Literally, Campaigns are like plants. They can only grow if the conditions are right. The GM must plant them in the correct place and right environmental conditions (i.e. the players must like the ideas behind the games and be willing to play in them). Just like the gardener must prepare the soil and growing environment, the GM must create the basics of the campaign before play.

They require regular tending, as well as sufficient watering and sun. The GM must work on scenarios, input creative ideas from players and other sources. There is weeding and bug removal for the gardener. For the GM, there is character maintance, cutting out bad story lines, and the weekly chores required to keep the campaign going. Every now and again, the gardner needs to fertilize and spread bs. The GM does the same thing, as they lay the foundation for the next stages of the campaign.

The Gardener reaps the rewards of their patience and work. The GM sees their campaign grown, their plotlines develop, and the characters developing and advancing. As the plotlines begin to mature, and new areas of the campaign need to be developed, the GM works on the next cycle, just like the Gardener begins again in the spring.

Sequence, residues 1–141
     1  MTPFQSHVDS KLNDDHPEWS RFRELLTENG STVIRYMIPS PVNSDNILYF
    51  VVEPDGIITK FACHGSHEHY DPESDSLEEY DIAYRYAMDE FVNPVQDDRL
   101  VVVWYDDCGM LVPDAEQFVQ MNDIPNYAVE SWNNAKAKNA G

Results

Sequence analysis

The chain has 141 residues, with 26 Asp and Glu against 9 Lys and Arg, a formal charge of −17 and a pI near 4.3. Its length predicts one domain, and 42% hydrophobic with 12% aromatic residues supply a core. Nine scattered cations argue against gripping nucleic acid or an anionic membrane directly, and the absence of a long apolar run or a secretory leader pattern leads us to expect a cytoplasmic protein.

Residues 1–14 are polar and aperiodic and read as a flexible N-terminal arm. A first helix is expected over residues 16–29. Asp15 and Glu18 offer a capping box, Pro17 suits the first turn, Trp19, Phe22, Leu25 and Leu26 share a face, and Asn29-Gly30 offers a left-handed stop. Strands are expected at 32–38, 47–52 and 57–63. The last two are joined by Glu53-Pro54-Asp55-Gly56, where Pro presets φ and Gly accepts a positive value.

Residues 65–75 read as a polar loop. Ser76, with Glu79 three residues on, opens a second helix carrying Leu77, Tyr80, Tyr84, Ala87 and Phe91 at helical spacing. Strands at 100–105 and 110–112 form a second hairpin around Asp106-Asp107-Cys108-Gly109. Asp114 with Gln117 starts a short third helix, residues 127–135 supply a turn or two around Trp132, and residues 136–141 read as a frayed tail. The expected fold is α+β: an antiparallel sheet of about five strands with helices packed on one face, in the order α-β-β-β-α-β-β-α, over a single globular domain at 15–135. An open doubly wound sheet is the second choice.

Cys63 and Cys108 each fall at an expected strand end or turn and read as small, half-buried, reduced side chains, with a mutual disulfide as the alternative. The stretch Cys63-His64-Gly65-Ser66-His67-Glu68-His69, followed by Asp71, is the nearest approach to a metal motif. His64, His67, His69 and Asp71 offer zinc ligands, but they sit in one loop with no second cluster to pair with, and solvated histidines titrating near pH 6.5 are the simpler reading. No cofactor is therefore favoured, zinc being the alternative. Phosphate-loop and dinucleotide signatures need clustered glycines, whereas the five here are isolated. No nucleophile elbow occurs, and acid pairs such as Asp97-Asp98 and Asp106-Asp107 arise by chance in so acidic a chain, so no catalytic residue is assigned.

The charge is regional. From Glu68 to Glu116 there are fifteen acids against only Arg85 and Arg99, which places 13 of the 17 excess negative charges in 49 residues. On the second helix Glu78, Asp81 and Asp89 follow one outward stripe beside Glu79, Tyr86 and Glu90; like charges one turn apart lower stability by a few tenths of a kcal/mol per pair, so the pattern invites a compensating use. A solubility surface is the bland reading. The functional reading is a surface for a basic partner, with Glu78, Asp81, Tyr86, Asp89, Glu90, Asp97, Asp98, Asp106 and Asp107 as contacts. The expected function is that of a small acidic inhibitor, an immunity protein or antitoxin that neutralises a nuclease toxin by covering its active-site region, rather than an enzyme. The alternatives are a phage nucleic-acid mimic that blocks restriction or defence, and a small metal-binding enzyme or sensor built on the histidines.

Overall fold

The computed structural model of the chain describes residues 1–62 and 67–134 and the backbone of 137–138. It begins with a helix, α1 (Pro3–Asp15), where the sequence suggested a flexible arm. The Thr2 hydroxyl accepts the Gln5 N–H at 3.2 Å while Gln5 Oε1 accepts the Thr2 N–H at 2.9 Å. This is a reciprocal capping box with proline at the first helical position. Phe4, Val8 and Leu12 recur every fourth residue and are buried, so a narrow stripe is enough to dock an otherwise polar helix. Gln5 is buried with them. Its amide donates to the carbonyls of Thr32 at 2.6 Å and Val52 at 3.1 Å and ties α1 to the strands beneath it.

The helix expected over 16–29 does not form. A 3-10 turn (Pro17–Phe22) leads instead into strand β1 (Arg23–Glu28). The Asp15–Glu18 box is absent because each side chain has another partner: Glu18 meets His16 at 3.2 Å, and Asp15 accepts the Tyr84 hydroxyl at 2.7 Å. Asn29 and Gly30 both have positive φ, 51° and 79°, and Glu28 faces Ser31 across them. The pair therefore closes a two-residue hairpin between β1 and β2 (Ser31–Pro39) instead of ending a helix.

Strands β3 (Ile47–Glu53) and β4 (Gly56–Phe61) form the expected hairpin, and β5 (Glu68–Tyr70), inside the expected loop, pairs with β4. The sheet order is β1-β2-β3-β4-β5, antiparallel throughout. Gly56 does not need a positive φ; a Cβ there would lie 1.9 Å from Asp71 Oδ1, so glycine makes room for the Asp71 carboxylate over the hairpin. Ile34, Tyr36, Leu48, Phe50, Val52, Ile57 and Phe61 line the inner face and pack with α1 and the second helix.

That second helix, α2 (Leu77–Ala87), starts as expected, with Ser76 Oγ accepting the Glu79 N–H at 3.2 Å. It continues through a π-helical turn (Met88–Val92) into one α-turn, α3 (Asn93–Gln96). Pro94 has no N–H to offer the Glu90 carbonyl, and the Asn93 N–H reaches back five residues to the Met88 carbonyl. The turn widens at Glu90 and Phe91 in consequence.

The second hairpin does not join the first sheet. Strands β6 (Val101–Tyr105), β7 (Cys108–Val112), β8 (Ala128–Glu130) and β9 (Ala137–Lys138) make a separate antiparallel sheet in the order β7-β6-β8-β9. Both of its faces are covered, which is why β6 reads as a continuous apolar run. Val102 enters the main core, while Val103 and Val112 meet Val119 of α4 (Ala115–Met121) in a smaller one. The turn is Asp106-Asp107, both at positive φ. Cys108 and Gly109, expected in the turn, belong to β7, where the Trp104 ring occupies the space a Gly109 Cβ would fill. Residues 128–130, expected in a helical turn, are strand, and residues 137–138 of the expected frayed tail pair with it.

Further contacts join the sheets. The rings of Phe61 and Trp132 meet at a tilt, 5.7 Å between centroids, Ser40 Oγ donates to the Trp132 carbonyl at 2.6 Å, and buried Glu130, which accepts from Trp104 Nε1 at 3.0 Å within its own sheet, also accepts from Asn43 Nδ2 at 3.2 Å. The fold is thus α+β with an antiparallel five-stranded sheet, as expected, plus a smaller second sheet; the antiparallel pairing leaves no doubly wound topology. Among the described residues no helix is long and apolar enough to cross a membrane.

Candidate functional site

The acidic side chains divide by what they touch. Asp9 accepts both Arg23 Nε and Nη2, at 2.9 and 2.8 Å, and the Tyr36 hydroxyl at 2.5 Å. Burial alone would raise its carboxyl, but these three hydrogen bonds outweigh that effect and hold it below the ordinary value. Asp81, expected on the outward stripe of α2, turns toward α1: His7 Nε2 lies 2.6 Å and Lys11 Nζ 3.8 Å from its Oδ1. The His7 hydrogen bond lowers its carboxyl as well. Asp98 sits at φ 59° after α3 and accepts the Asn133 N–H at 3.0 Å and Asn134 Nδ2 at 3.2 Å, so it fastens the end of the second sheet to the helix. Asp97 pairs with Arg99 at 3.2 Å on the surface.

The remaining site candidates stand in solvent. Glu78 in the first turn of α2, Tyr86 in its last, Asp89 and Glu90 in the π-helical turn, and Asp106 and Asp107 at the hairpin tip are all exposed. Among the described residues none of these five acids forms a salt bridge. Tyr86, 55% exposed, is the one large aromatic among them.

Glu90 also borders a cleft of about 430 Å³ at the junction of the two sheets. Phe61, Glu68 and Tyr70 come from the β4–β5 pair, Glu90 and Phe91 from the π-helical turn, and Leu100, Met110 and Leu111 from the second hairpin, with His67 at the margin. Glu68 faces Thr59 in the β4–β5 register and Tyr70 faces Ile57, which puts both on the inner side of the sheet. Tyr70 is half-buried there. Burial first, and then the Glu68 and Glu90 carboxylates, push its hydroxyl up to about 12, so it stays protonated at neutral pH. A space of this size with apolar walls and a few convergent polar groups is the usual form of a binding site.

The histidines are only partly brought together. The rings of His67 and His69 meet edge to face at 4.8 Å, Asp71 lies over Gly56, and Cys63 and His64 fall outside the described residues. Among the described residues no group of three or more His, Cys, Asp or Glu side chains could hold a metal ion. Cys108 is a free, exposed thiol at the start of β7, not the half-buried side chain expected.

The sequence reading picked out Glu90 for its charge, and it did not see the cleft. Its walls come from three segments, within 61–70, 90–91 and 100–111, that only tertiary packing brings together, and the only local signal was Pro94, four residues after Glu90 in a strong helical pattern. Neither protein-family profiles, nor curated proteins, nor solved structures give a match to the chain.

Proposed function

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So you are wondering where this came from....

In Feudal Japan, one of the reasons warriors learned fine arts was to learn new ways of looking at things. They could them bring the new ideas, new patterns, and new processes from their fine art to their combat arts. Many of the florid descriptions found in Japanese combat texts comes from describing draws like setting down a tea cup or swords strikes as strokes of a paintbrush, the opponent being the canvas.